The Levites spent some of their time serving in the temple, and they had not been allocated agricultural land, so they might not be able to produce enough to support themselves. God provided for the Levites through the tithe (Deut 18:1-2).

Do not neglect the Levites living in your towns, for they have no allotment or inheritance of their own. At the end of every three years, bring all the tithes of that year's produce and store it in your towns, so that the Levites (who have no allotment or inheritance of their own) and the foreigners, the fatherless and the widows who live in your towns may come and eat and be satisfied, and so that the your God may bless you in all the work of your hands (Deut 14:27-29).
When you have finished setting aside a tenth of all your produce in the third year, the year of the tithe, you shall give it to the Levite, the foreigner, the fatherless and the widow, so that they may eat in your towns and be satisfied (Deut 26:12).

At the end of every third year, the tithe was to be taken to their own towns and stored to be available for the Levites, and others who are poor (Amos 4:4). Some commentators have argued that this is a second tithe, on top of the one to be taken to Jerusalem, but the text in Deuteronomy does not say that. (It makes God seem mean, whereas, the tithe represented his generosity). I think it is more consistent with his grace that every third year, the people did not need to take their tithe to the temple but were to take into their towns and give it to the Levites. The Levites were responsible for distributing some of this food to foreigners, widows, and orphans.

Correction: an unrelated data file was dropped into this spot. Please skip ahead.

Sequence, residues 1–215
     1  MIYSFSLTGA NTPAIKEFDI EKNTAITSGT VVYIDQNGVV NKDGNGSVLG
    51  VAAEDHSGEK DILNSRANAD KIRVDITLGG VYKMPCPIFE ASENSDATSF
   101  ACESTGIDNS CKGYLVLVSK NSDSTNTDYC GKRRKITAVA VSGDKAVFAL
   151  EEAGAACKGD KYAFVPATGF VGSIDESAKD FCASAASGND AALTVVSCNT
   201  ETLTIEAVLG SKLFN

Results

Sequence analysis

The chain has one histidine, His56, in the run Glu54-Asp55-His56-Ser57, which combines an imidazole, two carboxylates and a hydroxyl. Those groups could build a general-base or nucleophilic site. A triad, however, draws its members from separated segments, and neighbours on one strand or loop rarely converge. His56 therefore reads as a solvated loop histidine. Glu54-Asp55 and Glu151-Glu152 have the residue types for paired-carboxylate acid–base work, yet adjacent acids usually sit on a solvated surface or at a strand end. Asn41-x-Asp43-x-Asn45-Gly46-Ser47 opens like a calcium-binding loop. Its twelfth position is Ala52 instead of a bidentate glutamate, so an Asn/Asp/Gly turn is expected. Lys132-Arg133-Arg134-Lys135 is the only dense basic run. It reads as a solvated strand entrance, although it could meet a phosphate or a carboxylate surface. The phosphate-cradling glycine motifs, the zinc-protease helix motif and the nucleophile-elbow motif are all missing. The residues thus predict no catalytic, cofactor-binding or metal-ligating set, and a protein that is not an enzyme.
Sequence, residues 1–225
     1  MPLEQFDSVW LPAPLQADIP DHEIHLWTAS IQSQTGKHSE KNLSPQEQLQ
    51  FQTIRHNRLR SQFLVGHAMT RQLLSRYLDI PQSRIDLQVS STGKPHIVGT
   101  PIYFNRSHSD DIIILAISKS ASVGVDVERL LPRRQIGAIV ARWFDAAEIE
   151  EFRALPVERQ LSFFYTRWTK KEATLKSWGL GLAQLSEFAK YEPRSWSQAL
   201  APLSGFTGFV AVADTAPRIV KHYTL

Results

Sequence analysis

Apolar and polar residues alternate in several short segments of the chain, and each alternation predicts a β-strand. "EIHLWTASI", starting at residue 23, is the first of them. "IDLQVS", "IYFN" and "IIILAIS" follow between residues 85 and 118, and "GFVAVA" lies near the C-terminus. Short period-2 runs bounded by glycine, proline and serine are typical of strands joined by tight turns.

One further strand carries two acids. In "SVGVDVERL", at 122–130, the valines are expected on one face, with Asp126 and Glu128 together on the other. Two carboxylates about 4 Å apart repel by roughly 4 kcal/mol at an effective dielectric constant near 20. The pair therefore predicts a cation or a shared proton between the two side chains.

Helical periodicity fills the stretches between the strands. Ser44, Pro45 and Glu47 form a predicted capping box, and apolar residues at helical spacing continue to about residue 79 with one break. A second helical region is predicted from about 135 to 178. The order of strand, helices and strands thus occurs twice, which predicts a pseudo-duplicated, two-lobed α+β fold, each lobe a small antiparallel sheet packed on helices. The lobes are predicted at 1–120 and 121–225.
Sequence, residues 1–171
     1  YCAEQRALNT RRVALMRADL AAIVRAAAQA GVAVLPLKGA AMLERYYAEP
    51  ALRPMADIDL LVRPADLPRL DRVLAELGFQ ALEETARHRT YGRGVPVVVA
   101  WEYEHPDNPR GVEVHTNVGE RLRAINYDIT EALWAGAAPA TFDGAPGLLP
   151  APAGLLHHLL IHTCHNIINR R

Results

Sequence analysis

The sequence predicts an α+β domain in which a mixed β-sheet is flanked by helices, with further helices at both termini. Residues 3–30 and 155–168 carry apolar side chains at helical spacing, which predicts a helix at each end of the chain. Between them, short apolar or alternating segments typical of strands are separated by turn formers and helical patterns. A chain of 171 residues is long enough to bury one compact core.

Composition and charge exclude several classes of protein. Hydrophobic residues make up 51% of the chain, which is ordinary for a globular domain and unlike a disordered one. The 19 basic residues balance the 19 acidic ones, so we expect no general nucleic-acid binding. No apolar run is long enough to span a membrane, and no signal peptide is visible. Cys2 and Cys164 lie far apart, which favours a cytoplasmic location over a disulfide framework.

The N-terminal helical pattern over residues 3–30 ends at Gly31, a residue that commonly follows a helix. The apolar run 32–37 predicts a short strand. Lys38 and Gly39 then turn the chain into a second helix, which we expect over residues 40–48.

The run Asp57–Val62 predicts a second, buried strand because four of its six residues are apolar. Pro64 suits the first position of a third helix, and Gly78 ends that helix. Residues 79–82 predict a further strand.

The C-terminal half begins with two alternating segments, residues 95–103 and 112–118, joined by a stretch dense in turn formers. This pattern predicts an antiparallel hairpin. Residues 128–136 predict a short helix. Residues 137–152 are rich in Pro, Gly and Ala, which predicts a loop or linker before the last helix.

According to the census taken in the wilderness, the Levites were only a small tribe. The largest tribe Judah was four times as large. The Levites were less than a twentieth of the population, so they did not need a tenth of the food produced every year. They were able to engage in productive activities when they were not rostered to the temple, so they did not need to get all their upkeep from the tithe. They had pasturelands around their towns (Jos 21:41), so they would be able to keep some of the livestock for milk and wool.

Getting a tenth of the nation's production every would be more than they needed. Getting the tithe every third year would be enough for them to live well. The law does not specify a national standard for the third year. People could choose which year they stayed at home, provided that it was every third year. This could mean that the Levites might get a third of the tithe every year.

This is more grace. The Levites received a gift to sustain their life. The Israelites got the gift of a year off from travel to the temple.

New Covenant

The tithe had two purposes.